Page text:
• analytical and strategic thinking

  • drive and self-motivation

  • a flexible attitude to work

  • the ability to operate well under duress

  • cooperation and the capacity to build positive working connections

  • abilities to persuade and negotiate

  • IT, social networking, and numeracy abilities

  • Foreign language skills – may be useful while working for global corporations.

Work experience

To acquire a job, you normally need some relevant work experience. Look for holiday employment, placements, job shadowing, or part-time work in marketing or similar fields. Getting a job as a marketing assistant or junior marketing account manager is an excellent place to start. Some major firms provide paid summer internships to students. Any position that provides expertise in sales, customer service, market research, or public relations would be beneficial.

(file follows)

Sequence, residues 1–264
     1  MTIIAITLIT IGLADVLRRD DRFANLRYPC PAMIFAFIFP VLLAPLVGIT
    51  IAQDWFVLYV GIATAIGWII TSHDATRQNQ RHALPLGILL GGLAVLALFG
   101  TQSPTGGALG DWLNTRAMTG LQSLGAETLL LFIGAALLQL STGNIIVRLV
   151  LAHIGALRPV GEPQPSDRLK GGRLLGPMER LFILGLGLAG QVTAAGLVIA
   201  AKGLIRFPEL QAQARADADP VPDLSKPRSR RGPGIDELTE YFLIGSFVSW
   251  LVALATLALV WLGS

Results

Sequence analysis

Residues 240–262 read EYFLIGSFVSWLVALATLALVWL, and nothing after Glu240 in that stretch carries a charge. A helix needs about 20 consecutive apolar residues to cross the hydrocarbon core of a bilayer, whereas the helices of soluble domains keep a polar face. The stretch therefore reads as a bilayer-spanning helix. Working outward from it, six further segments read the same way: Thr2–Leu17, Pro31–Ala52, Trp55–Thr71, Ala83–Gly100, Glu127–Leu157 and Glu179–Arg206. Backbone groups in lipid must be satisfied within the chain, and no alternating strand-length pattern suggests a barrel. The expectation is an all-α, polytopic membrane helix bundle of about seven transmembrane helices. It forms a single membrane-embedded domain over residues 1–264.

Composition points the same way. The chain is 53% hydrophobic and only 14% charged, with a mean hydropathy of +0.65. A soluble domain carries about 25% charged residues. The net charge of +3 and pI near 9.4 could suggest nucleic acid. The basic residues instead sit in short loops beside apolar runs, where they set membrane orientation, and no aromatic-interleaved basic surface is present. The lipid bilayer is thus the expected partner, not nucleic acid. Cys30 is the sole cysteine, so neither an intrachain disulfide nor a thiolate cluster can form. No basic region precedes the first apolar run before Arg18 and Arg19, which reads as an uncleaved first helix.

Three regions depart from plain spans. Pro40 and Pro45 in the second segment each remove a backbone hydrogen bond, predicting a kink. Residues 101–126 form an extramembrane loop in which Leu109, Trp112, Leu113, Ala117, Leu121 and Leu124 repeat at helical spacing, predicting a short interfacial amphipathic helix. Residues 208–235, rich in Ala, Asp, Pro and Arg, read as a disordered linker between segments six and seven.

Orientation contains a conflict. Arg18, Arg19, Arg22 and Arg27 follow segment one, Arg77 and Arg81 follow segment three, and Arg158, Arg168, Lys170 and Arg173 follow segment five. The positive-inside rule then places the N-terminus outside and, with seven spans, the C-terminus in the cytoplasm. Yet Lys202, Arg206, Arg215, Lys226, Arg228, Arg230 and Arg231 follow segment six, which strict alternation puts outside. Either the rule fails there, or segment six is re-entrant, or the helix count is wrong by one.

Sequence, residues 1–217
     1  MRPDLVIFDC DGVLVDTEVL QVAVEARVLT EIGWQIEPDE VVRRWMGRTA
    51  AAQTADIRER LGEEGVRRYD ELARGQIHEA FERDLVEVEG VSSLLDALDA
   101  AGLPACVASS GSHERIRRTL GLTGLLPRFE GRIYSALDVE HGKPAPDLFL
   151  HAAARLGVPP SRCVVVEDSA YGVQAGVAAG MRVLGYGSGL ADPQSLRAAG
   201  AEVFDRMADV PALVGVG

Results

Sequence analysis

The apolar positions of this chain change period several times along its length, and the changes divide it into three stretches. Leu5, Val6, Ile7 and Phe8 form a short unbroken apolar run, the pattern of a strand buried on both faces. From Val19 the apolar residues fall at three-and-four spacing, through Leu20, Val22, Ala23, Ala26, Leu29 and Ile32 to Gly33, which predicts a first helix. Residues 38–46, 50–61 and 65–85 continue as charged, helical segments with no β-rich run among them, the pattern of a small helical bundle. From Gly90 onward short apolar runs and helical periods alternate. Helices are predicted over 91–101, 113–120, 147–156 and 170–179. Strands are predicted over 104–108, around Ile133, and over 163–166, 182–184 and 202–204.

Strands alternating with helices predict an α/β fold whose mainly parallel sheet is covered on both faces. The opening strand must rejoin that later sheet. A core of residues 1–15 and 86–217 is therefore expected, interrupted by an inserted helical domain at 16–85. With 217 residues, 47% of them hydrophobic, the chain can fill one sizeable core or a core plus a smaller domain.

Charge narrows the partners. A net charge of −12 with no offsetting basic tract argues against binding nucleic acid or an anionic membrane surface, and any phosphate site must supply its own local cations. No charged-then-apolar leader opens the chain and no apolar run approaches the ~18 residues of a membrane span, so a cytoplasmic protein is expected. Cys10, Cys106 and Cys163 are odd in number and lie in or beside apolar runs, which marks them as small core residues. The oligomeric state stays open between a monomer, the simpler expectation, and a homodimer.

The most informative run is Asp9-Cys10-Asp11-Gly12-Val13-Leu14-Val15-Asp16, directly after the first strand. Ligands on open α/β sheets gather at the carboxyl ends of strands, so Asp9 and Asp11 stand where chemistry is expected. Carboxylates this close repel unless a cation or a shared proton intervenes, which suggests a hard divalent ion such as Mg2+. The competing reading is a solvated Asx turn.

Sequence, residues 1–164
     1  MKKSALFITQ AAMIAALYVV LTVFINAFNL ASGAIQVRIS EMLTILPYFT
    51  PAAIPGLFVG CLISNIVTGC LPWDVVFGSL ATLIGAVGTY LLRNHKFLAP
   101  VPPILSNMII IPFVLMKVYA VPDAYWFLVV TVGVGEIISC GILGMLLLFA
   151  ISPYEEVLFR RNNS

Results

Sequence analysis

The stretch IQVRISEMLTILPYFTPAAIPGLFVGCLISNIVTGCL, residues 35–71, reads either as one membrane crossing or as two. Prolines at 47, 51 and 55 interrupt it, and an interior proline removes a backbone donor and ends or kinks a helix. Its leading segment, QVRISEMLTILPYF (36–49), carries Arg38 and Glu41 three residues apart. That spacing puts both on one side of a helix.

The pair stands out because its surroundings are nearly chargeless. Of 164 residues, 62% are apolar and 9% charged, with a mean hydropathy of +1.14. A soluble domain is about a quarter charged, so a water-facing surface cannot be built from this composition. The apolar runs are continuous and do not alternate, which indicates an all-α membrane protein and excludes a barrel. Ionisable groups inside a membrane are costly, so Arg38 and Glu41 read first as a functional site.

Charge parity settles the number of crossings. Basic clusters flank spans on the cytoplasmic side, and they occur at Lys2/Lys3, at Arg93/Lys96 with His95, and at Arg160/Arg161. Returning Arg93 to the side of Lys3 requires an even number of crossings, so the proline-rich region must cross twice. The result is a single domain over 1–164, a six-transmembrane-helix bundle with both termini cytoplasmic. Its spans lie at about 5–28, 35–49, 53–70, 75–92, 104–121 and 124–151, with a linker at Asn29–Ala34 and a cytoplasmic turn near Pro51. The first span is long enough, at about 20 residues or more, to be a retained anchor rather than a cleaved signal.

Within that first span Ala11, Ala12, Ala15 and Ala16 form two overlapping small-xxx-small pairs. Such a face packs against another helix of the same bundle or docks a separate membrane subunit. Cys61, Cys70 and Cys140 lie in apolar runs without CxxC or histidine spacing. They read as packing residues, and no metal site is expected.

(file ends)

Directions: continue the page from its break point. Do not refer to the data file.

Make the most of any marketing placements or the integrated placement year on your programme to enhance your abilities and establish a network of connections. CIM student membership gives access to industry events, training, and networking possibilities.


Marketing possibilities may be found in all industrial sectors, including finance, consumer, and information technology, as well as not-for-profit organisations such as charities, local government, and higher education institutions.